What are vaccines?
Vaccines are proteins (antigens) that initiate a protective immune response within an animal. In most cases, the immune response involves antibodies that can block either the disease agent (bacteria or virus) or its product (toxin) so disease does not occur.
The first time an animal is exposed to an antigen, the response is slow and may not be strong. This is why in natural infection animals still develop disease and why many recover over time. The disease triggers an immune response that includes the production of antibodies that reduce or nullify the disease.
However, if the disease is severe, death or production losses will already have happened as the immune response is occurring. If an animal does survive, invariably the next time they are faced with the same challenge, their immune system is primed and ready, and the antibody response is much quicker and stronger – resulting in the disease having little or no effect. This is why most animals are considered ‘immune’ to a disease after they have had it.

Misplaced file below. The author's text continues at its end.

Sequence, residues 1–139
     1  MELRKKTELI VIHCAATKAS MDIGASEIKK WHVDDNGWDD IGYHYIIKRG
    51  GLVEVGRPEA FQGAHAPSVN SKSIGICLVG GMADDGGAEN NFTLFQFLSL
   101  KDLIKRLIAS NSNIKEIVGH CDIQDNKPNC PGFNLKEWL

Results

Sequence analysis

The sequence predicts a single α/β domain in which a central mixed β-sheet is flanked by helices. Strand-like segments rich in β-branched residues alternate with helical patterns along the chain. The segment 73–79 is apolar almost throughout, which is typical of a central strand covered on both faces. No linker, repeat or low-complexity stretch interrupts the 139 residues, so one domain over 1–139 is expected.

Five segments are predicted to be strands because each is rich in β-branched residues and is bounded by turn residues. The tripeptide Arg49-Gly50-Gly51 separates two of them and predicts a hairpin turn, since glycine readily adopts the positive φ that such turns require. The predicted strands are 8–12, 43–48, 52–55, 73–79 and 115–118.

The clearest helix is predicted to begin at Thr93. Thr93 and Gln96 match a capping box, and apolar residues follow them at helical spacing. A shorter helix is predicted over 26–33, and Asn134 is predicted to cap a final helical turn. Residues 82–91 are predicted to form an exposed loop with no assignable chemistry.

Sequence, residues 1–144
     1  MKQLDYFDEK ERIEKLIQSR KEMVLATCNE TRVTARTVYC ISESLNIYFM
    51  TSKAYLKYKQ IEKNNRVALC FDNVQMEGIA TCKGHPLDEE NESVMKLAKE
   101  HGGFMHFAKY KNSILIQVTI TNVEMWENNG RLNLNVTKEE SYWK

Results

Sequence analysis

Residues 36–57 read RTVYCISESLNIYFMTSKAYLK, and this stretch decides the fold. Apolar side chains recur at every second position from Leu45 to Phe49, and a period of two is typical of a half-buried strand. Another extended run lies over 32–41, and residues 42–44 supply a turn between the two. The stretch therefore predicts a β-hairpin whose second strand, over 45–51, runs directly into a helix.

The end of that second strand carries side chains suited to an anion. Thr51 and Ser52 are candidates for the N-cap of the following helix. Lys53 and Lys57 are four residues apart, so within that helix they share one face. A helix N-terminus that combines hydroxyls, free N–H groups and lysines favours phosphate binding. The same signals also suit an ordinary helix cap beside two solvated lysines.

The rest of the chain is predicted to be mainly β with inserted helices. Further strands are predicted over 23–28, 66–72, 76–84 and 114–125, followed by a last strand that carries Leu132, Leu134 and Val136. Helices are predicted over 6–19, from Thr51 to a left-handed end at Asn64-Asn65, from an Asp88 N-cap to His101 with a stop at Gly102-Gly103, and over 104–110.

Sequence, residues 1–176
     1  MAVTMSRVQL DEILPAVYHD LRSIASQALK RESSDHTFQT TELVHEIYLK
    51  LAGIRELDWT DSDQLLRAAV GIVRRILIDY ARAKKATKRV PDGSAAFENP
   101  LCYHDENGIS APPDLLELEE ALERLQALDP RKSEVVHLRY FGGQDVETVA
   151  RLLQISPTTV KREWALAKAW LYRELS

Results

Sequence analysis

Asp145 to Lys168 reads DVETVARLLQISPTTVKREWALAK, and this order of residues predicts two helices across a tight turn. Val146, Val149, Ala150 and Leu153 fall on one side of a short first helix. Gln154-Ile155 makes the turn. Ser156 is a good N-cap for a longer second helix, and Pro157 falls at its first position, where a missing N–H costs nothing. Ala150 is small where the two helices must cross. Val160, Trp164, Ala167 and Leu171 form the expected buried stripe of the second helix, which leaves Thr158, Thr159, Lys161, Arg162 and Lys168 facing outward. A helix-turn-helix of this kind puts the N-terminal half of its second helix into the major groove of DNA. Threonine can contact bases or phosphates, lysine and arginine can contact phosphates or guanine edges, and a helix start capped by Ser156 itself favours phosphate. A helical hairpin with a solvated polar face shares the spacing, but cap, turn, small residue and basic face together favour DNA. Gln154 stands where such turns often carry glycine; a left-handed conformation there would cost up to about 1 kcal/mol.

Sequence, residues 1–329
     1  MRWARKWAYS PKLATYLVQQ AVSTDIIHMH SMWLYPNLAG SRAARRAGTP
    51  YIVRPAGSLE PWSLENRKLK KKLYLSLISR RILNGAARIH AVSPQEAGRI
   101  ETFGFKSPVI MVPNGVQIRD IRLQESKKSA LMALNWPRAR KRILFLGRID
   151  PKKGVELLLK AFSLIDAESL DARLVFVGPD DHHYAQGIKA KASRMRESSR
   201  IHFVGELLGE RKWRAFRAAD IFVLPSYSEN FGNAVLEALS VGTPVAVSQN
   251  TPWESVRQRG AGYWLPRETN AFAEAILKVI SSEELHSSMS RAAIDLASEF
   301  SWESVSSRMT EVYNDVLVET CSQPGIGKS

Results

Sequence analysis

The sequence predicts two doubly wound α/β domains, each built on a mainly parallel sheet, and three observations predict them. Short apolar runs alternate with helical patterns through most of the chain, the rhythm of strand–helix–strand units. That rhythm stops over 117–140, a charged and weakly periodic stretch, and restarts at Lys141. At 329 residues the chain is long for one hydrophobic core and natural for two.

Vaccination aims to generate this immune response and make animals immune without (in general) giving them the disease or experiencing its effects.